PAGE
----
Governor Shumlin asked the Vermont Lottery Commission to investigate the possibilities of online gambling in the state, insiders told American gambling news sources.
With the change in American gambling laws and the switch in the policy of the Wire Act, individual states will have more chance to decide themselves if they allow online gambling in their territory or not.
A growing number of US politicians, such as Vermont’s Governor, start to recognize the possibilities in internet gambling in their home state.
The Vermont Lottery Commission is scheduled to issue a special report on the opportunities in internet gambling to the State Legislature in January 2013.
One of the obvious reasons to make a step towards legalizing online gambling in the state is to increase tax revenues. The governor explained that tax money online gambling could well generate will go for the Vermont state education fund.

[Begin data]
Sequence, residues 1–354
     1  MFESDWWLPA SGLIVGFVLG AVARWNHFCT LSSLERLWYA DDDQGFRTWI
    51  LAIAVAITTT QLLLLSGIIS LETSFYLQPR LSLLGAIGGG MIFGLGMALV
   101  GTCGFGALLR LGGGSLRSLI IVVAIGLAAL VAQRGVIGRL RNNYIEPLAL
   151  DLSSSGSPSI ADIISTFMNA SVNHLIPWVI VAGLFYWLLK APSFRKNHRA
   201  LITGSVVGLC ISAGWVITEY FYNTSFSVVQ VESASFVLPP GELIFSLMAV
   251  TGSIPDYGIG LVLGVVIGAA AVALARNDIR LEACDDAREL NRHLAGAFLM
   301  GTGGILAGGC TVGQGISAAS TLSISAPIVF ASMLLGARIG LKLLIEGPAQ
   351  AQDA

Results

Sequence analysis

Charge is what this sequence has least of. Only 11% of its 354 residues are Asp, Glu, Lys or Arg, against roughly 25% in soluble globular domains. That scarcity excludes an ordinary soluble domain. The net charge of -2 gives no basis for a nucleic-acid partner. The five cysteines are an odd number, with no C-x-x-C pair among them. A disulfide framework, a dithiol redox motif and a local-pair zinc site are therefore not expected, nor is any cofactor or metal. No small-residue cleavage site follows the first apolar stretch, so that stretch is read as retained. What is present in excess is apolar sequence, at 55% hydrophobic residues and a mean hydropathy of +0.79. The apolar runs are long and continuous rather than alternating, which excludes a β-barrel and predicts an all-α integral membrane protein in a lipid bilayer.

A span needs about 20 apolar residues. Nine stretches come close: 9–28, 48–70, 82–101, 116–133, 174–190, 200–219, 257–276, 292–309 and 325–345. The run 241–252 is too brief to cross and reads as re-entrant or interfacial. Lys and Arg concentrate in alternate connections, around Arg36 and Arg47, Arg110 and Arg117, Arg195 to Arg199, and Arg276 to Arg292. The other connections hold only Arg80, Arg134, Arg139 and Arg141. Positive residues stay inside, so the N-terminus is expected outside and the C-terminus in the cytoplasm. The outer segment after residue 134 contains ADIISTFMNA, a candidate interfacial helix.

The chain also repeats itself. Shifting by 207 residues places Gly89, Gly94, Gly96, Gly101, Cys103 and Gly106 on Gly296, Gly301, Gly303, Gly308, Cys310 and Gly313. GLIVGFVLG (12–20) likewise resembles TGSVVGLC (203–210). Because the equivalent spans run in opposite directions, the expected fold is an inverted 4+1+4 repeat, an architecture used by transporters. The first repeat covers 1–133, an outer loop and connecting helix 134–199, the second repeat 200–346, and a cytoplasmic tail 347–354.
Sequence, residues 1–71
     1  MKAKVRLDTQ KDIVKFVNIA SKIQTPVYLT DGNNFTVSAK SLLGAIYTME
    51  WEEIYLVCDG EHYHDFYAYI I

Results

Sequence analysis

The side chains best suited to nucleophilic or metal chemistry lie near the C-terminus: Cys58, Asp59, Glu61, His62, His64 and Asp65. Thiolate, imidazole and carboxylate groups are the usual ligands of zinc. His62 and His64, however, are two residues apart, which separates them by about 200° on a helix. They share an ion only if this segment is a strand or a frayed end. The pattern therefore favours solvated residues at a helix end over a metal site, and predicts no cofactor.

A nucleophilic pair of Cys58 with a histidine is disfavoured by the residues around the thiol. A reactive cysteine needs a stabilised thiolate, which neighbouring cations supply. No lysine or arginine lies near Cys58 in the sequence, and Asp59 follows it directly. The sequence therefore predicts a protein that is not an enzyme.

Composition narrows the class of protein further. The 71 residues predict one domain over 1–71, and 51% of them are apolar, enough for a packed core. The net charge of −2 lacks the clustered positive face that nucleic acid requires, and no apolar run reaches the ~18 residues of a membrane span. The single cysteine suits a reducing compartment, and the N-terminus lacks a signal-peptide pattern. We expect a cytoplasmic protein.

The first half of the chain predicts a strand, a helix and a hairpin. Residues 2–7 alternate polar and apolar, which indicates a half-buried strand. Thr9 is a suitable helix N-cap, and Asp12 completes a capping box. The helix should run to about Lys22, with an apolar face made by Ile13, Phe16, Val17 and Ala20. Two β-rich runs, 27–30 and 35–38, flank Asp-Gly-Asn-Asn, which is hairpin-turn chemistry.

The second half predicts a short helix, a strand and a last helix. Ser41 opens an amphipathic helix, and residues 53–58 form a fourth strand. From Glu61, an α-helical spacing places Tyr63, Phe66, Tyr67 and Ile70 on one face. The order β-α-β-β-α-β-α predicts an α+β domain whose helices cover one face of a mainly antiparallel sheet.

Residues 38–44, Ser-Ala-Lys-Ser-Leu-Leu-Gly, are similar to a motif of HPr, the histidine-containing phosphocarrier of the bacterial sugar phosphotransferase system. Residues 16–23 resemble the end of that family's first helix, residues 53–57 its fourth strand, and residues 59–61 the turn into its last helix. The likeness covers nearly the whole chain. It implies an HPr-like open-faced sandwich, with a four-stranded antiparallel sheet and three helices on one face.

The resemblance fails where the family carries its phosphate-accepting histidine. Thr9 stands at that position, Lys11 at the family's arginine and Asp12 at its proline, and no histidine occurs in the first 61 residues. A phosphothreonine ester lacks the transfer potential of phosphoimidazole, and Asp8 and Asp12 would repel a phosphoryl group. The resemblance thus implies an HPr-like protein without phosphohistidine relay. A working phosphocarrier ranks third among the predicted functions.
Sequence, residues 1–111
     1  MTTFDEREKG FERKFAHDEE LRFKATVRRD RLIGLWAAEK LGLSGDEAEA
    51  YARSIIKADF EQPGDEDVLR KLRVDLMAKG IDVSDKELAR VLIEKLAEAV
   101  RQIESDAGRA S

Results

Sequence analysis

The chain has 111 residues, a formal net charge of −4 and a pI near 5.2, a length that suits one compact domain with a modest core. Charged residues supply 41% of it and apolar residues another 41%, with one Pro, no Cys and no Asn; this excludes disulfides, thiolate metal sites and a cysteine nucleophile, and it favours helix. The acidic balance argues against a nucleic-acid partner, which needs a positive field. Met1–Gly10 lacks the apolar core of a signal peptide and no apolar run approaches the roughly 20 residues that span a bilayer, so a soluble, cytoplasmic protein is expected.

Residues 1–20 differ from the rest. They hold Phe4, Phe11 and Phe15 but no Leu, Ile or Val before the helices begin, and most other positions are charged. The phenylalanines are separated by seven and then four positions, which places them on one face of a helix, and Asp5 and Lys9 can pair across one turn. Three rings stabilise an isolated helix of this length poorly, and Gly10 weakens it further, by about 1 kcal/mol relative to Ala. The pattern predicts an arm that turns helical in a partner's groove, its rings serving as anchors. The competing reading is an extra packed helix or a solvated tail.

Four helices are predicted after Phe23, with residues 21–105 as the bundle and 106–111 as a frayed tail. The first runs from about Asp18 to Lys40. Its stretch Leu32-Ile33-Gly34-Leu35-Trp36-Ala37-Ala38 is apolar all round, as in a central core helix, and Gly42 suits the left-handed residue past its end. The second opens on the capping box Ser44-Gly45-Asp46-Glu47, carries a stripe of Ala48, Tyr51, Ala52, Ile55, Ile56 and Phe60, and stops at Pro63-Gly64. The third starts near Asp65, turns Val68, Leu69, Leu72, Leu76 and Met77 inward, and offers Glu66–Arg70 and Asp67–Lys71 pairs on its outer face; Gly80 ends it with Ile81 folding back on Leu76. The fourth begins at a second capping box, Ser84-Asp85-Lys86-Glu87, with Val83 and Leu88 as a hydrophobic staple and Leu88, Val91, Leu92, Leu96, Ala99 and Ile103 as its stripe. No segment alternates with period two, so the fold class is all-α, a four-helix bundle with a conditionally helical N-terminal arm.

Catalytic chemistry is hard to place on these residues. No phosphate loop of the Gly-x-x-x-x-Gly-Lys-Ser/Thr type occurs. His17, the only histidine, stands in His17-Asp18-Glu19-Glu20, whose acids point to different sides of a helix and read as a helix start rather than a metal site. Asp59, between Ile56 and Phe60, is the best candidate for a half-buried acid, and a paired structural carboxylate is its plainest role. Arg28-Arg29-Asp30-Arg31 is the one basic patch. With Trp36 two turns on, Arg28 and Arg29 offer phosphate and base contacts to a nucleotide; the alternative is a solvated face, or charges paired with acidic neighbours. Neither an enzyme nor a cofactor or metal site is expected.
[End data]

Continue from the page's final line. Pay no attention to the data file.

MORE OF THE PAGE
In Vermont, all tax on the State Lottery is transferred into the education fund. With the addition of other forms of online gambling such as American internet casino websites, last year’s roughly $20 million gaming tax revenue could substantially grow.
Governor Shumlin is optimistic: “Internet lottery is going to be the wave of the future. I’m not suggesting that we won’t sell tickets and I want to sell tickets because it’s good for our downtown stores.”
He explained: “But we also have to recognize that the technology is taking us to the Internet and the question is, what’s the role of the Internet in our lottery for Vermont in the future. And we don’t have to hurry but we better figure it out.”
Shumlin’s Republican opponent for the governorship, Randy Brock, expressed his serious concerns about the expansion of state sponsored gambling.
Brock said: “Gambling is a serious problem for some Vermonters and we don’t want to make it easier for those folks to get into deeper and deeper trouble. There need to be some limits on what we do particularly if we’re doing anything that would extend credit to gambling and that’s something that I think we should do very, very cautiously if at all.”